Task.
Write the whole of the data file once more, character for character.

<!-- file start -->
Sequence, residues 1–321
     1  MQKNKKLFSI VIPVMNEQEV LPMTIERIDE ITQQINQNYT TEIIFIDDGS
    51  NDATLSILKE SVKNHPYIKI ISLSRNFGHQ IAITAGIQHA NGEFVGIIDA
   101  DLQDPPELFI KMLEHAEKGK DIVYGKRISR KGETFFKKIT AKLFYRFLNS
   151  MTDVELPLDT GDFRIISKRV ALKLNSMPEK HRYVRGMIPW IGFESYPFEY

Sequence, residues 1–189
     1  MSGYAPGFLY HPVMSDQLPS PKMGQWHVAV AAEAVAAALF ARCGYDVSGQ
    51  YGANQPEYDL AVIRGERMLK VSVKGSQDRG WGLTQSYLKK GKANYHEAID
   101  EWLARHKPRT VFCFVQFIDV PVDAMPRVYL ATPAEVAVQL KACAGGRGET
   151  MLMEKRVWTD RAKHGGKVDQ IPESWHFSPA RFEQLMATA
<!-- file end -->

Sequence, residues 1–321
     1  MQKNKKLFSI VIPVMNEQEV LPMTIERIDE ITQQINQNYT TEIIFIDDGS
    51  NDATLSILKE SVKNHPYIKI ISLSRNFGHQ IAITAGIQHA NGEFVGIIDA
   101  DLQDPPELFI KMLEHAEKGK DIVYGKRISR KGETFFKKIT AKLFYRFLNS
   151  MTDVELPLDT GDFRIISKRV ALKLNSMPEK HRYVRGMIPW IGFESYPFEY

Sequence, residues 1–189
     1  MSGYAPGFLY HPVMSDQLPS PKMGQWHVAV AAEAVAAALF ARCGYDVSGQ
    51  YGANQPEYDL AVIRGERMLK VSVKGSQDRG WGLTQSYLKK GKANYHEAID
   101  EWLARHKPRT VFCFVQFIDV PVDAMPRVYL ATPAEVAVQL KACAGGRGET
   151  MLMEKRVWTD RAKHGGKVDQ IPESWHFSPA RFEQLMATA